for an order to dismiss Respondent’s late-filed notice of contest (“NOC”) should be
The Occupational Safety and Health Administration (“OSHA”) inspected
Respondent’s facility, located in Lyons Falls, New York, in April 2009.
As a result,
OSHA issued to Respondent a Citation and Notification of Penalty (“Citation”) on June
23. OSHA mailed the Citation to “Tony Allen, Safety Director,” at Respondent’s
Franklin, Ohio office, by certified mail, return receipt requested. The Citation was
delivered and signed for on June 26. The Act requires an employer to notify the Secretary
of its intent to contest a citation within 15 working days of receipt, and the failure to file
a timely NOC results in the citation becoming a final order of the Commission by
operation of law. Based upon the date it received the Citation, Respondent was required
to file an NOC on or before July 20. On July 20, the OSHA area office that had issued
the Citation sent a letter to Mr. Allen, Respondent’s safety director. That letter stated
that, due to the verbal agreement between OSHA and Mr. Allen on that same day, a
written settlement agreement was enclosed. The letter noted that the agreement had to be
signed that day, which was the last day of the 15-day contest period. The letter also noted
that if Respondent decided not to sign the settlement agreement, the Citation would
become a “final and unappealable order” unless a written notice of intent to contest the
Citation was filed. Respondent did not return the settlement agreement to OSHA. It also
did not file an NOC on July 20. It did file one on September 1, with the OSHA area
office. It filed another NOC letter with the Commission on September 18.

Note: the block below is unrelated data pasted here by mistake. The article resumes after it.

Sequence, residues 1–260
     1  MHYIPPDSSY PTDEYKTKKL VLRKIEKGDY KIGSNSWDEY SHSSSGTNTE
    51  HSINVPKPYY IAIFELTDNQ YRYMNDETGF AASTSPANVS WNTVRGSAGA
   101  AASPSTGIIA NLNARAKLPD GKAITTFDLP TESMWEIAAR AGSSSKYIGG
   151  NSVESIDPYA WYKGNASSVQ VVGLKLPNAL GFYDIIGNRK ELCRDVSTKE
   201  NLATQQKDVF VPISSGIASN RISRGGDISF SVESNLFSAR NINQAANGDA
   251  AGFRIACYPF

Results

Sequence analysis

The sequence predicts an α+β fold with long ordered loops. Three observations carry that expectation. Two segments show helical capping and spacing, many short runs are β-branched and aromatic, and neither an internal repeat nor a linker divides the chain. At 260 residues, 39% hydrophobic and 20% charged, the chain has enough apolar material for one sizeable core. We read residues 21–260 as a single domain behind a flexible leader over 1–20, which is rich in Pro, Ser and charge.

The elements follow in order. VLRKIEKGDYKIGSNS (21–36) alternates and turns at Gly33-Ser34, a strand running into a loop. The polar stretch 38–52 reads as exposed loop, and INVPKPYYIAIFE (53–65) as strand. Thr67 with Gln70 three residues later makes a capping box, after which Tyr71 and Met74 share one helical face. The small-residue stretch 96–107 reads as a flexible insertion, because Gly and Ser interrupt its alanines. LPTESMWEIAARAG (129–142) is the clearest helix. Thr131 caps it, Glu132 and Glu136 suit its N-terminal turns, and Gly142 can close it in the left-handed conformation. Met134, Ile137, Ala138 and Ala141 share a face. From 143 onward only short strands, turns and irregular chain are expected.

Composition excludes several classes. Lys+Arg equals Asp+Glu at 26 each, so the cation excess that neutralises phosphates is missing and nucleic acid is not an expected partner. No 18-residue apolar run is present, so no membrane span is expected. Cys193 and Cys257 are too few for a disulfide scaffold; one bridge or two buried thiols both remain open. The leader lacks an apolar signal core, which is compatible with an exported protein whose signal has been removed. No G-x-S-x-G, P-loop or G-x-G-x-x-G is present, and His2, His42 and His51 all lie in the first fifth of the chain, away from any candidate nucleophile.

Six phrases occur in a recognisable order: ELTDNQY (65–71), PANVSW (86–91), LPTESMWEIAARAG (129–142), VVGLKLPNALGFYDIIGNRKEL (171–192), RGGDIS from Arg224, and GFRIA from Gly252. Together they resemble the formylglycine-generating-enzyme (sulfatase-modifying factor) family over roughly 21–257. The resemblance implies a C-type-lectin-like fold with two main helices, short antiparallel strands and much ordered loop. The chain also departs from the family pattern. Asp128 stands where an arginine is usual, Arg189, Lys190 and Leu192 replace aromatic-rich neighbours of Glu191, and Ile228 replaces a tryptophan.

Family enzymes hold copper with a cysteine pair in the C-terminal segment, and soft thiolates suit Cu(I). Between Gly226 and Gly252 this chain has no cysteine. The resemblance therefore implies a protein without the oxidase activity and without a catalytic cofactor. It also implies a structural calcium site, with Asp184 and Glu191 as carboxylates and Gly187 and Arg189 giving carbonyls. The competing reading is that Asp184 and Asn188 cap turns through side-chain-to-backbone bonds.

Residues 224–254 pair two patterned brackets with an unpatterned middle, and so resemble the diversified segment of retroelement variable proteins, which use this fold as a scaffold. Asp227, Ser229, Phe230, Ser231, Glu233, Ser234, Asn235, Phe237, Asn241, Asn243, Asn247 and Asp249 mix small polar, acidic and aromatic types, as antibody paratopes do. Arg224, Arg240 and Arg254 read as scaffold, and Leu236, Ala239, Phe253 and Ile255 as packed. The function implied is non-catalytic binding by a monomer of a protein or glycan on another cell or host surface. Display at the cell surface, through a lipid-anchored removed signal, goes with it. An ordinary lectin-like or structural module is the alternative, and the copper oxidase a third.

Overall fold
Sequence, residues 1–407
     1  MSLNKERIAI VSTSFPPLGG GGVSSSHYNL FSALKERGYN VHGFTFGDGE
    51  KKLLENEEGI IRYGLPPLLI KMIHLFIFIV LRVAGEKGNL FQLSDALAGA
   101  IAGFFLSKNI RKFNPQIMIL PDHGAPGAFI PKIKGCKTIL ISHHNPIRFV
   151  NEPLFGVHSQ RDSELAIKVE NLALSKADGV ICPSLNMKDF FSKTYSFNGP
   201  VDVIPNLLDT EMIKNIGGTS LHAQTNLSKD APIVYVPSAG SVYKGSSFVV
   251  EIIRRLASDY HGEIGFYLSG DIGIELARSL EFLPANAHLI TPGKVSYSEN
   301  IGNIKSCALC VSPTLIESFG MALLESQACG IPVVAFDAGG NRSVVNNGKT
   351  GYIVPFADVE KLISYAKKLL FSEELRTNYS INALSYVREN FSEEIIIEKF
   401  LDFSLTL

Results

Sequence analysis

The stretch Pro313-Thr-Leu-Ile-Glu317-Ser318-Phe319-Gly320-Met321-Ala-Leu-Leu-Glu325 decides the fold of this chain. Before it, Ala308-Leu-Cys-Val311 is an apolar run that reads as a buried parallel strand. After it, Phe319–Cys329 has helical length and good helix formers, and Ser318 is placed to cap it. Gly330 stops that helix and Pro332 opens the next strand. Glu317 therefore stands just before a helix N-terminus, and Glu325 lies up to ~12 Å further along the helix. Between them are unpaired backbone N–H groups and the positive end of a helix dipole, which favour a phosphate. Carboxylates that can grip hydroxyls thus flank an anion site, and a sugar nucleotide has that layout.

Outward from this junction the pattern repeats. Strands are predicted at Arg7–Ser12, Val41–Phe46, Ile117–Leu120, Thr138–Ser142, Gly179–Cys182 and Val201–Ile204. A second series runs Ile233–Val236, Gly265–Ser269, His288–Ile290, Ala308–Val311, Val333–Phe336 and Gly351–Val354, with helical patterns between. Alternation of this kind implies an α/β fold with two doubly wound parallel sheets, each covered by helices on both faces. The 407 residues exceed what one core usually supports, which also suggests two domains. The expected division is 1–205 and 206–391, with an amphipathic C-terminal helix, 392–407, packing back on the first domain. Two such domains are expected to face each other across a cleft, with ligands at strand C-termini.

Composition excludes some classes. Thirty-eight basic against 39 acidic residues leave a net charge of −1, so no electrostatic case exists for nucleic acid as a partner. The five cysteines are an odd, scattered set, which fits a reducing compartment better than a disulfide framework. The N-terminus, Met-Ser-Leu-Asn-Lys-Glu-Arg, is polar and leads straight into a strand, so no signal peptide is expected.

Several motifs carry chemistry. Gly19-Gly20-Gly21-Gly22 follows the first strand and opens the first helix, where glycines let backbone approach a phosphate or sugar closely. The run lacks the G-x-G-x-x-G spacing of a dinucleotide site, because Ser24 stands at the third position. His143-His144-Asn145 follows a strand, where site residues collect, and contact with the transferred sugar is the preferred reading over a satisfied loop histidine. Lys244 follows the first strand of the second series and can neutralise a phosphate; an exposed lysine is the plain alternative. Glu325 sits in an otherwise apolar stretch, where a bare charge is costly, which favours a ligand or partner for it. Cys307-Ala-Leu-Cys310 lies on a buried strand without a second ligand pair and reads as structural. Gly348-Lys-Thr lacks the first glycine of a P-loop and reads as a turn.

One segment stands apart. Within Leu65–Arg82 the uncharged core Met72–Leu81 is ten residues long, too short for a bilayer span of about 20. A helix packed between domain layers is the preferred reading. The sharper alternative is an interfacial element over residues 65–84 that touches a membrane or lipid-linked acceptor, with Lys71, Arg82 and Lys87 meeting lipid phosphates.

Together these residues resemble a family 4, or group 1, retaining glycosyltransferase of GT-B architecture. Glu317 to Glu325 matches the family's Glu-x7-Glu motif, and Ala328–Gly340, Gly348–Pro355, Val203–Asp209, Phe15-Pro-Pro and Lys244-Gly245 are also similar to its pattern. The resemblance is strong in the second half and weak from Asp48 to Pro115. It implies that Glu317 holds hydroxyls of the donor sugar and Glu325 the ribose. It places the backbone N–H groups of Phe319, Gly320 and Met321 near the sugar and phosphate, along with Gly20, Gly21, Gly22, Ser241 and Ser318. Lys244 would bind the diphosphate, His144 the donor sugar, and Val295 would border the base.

On November 30, the Secretary filed a motion to dismiss Respondent’s late-filed
NOC. In that motion, the Secretary’s counsel states that she left messages with
Respondent’s representative, to discuss his position in this matter, but that she had not
heard from the representative.
The record in this case plainly shows that Respondent did not file its NOC within
the requisite 15-day period set out in the Act. An otherwise untimely NOC may be
accepted, however, where the delay in filing was caused by deception on the part of the
Secretary or her failure to follow proper procedures. A late filing may also be excused,
under Federal Rule of Civil Procedure 60(b) (“Rule 60(b)”), if the final order was entered
as a result of “mistake, inadvertence, surprise or excusable neglect.” See Branciforte
Builders, Inc., 9 BNA OSHC 2113, 2117 (No. 80-1920, 1981) (citations omitted). The
moving party has the burden of proving it is entitled to Rule 60(b) relief.
To determine whether a late-filed NOC was due to excusable neglect, the
Commission follows the Supreme Court’s test in Pioneer Inv. Serv. v. Brunswick Assoc.,
507 U.S. 380 (1993). See Northwest Conduit Corp., 18 BNA OSHC 1948, 1950 (No. 97-851, 1999). Under that test, the Commission takes into account all relevant
circumstances, including the danger of prejudice to the opposing party, the length of the
delay and its potential impact on judicial proceedings, the reason for the delay, including
whether it was within the reasonable control of the movant, and whether the movant
acted in good faith. Id. at 1950, quoting 507 U.S. at 395. The Commission has held that
the “reason for the delay, including whether it was within the reasonable control of the